India Decriminalises Homosexuality

India Decriminalises Homosexuality

Utsa Mukherjee

6th September 2018 will go down the annals of history as a watershed moment for India and for the global queer rights movement with the Supreme Court of India decriminalising homosexual acts between consenting adults in a landmark ruling. This verdict is but the first step towards securing the rights of LGBTQ Indians, and is being celebrated across India and its diaspora.

The law criminalising same-sex sexual acts in India has a long history going back to India’s colonial past. The law was enshrined in Section 377 of the Indian Penal Code (IPC), authored under the chairmanship of Lord Macaulay, which came into force in 1860 when India was a British colony. Section 377 reads thus: “Whoever voluntarily has carnal inter­course against the order of nature with any man, woman or animal, shall be punished with imprisonment for life, or with imprisonment of either description for a term which may extend to ten years, and shall also be liable to fine.” Though the section does not explicitly mention homosexuality, the phrase ‘carnal inter­course against the order of nature’ refers to non-normative and non-reproductive sexual acts (i.e. sexual acts other than penile-vaginal intercourse) which includes same-sex sexual acts. The general thrust of this law derives from England’s Buggery Act of 1533, enacted during the reign of Henry VIII.

This colonial era anti-sodomy law in India became the basis for the persecution and ostracism of queer communities in the country, with police oppression and everyday violence going unaddressed as LGBTQ Indians feared being themselves booked under Section 377 if they are to report such matters to the authorities. It also became the basis to deny LGBTQ Indians access to AIDS prevention programmes, and a range of other rights. What the Supreme Court in its ruling has done, is to proclaim that Section 377 will cease to apply to the LGBTQ population. By doing so, the Apex Court has taken a step towards decolonising sexuality and its regulation in India. The colonial desire of controlling and regulating the bodies of the colonised population, was institutionalised and codified through laws like these and taking them off the books is a welcome step in undoing entrenched colonial violence.

But it will be oversimplifying the case to argue that homosexuality and gender fluidity had a pride of place in pre-colonial India, only to be repressed by colonial intervention. Forms of non-normative sexualities and gender expressions flourished in different pockets in pre-colonial India from time to time, and there exists textual evidences for the same, but it was never universally celebrated by all sections and in every period. What colonial legal frameworks did was to compartmentalise and codify these sexual and gender diversities – often residing in the margins – into then prevalent western categories and criminalise them in unprecedented ways.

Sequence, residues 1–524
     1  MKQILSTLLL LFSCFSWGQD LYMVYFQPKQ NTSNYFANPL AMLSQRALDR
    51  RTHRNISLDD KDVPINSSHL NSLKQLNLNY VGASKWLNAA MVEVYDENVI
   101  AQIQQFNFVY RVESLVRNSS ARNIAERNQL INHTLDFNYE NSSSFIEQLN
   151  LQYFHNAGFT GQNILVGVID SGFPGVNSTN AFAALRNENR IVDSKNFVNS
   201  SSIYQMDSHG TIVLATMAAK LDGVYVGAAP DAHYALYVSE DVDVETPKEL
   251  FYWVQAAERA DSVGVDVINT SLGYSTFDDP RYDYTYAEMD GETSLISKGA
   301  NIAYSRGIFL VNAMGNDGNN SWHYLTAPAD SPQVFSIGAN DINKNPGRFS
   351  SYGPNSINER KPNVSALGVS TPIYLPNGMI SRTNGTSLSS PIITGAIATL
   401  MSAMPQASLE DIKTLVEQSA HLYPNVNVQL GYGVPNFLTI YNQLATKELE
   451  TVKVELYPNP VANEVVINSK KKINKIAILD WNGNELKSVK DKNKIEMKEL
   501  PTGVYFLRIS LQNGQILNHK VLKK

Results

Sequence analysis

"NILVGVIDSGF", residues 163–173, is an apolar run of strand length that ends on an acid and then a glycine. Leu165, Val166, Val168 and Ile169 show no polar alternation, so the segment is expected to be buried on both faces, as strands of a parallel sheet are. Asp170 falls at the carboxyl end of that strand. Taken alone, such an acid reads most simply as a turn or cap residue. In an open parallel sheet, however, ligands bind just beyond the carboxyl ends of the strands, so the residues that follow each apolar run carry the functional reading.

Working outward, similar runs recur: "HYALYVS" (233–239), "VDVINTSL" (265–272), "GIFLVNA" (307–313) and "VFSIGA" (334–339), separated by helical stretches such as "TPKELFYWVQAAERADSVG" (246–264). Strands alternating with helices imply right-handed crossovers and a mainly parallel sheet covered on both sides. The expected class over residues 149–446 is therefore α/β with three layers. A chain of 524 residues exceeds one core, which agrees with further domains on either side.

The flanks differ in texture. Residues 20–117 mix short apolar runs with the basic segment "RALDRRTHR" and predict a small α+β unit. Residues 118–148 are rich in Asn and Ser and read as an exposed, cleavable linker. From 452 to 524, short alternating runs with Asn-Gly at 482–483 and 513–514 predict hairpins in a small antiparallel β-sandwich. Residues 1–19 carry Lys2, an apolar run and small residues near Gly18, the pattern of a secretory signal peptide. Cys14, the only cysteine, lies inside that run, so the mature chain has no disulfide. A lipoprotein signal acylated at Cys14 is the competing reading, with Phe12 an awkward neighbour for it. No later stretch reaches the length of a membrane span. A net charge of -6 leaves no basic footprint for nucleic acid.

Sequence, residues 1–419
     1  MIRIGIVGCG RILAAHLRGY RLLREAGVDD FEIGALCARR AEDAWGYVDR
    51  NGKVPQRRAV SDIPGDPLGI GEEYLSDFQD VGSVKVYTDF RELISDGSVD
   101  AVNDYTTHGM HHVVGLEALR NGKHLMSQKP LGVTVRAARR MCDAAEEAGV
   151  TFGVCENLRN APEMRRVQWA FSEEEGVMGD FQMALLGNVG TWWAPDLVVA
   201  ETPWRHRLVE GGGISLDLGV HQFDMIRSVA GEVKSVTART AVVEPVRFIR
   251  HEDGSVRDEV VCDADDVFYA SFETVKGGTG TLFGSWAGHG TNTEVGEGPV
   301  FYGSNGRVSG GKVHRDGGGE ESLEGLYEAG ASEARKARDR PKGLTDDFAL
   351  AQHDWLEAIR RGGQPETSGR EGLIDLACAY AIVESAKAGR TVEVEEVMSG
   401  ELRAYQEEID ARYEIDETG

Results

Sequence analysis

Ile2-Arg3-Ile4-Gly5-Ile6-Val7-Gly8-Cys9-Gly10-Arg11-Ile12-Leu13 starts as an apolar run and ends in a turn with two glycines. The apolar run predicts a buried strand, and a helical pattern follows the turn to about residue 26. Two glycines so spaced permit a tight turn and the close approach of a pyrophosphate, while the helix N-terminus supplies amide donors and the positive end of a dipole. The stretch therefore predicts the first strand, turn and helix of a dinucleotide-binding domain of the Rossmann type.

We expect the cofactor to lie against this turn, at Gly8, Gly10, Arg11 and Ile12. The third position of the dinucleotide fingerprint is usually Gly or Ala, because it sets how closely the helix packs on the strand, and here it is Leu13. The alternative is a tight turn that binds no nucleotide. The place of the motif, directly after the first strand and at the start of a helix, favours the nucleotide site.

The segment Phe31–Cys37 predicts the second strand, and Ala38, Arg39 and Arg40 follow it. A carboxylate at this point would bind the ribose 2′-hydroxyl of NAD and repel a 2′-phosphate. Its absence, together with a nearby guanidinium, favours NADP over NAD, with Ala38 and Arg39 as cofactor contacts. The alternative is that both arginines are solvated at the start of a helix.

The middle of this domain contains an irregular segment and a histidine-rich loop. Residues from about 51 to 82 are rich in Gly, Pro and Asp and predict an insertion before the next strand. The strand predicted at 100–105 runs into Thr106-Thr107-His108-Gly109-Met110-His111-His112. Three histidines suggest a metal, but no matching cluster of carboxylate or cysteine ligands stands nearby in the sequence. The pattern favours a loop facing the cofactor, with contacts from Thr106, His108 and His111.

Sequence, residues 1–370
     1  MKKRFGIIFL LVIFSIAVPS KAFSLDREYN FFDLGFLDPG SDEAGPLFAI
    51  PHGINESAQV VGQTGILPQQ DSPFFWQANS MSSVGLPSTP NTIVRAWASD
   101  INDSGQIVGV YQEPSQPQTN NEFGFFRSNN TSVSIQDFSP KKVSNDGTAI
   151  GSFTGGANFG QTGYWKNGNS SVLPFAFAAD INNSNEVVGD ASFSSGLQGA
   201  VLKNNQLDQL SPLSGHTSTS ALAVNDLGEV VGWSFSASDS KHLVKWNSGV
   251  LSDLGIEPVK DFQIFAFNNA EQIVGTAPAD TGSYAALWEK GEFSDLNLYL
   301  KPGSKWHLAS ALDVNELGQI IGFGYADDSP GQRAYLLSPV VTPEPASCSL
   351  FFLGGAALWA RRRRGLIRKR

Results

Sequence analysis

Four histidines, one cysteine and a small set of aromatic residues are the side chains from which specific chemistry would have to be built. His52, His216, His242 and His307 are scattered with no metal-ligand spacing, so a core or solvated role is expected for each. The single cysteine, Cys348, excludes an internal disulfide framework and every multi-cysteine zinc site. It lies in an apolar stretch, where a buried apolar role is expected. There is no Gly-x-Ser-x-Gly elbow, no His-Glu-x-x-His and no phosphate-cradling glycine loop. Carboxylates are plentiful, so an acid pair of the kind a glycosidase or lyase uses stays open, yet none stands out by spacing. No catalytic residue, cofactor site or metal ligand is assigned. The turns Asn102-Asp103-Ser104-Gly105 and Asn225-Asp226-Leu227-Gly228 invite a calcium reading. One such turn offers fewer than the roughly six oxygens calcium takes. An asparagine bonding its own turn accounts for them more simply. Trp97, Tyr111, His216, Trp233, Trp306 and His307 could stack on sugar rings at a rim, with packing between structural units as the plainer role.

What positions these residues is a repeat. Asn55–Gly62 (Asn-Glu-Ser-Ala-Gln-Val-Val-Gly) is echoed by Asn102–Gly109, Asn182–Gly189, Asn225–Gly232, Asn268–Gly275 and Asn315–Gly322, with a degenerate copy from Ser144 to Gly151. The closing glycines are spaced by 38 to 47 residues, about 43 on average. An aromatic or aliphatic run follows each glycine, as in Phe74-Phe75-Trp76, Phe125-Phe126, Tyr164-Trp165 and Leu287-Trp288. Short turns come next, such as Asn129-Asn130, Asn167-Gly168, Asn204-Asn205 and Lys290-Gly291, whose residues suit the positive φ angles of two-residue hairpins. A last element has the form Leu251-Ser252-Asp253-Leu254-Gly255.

Though resistance to this law is as old as the law itself, the legal fight against this draconian colonial-era law began several decades ago. One of the first organised movements was led by the Delhi-based organisation AIDS Bhedbhav Virodhi Andolan (ABVA), roughly translated as ‘Movement to Protest AIDS Discrimination’. The ABVA published a manifesto called “Less Than Gay” in 1991, demanding for Section 377 to be struck down and the rights of LGBTQ Indians to be recognised. It was ABVA which led the first legal challenge against Section 377 at the Delhi High Court in 1994, but the group itself disbanded before the petition came up for hearing. In more recent times, an NGO called Naz Foundation filed a writ petition in the Delhi High Court questioning the constitutional validity of Section 377 and after years of delay the High Court in 2009 found that the section infringes upon key rights guaranteed by the constitution and therefore read it down. This ruling was challenged in the Supreme Court, the highest court in the country, and in 2013 it overruled the Delhi High Court’s 2009 verdict and reinstated Section 377 and re-criminalised consensual sexual acts between adults of the same sex on the grounds that LGBTs constitute a “miniscule fraction” of the country’s population and that less than 200 people have been prosecuted under Section 377. It is therefore in this context, that the September 2018 ruling must be understood.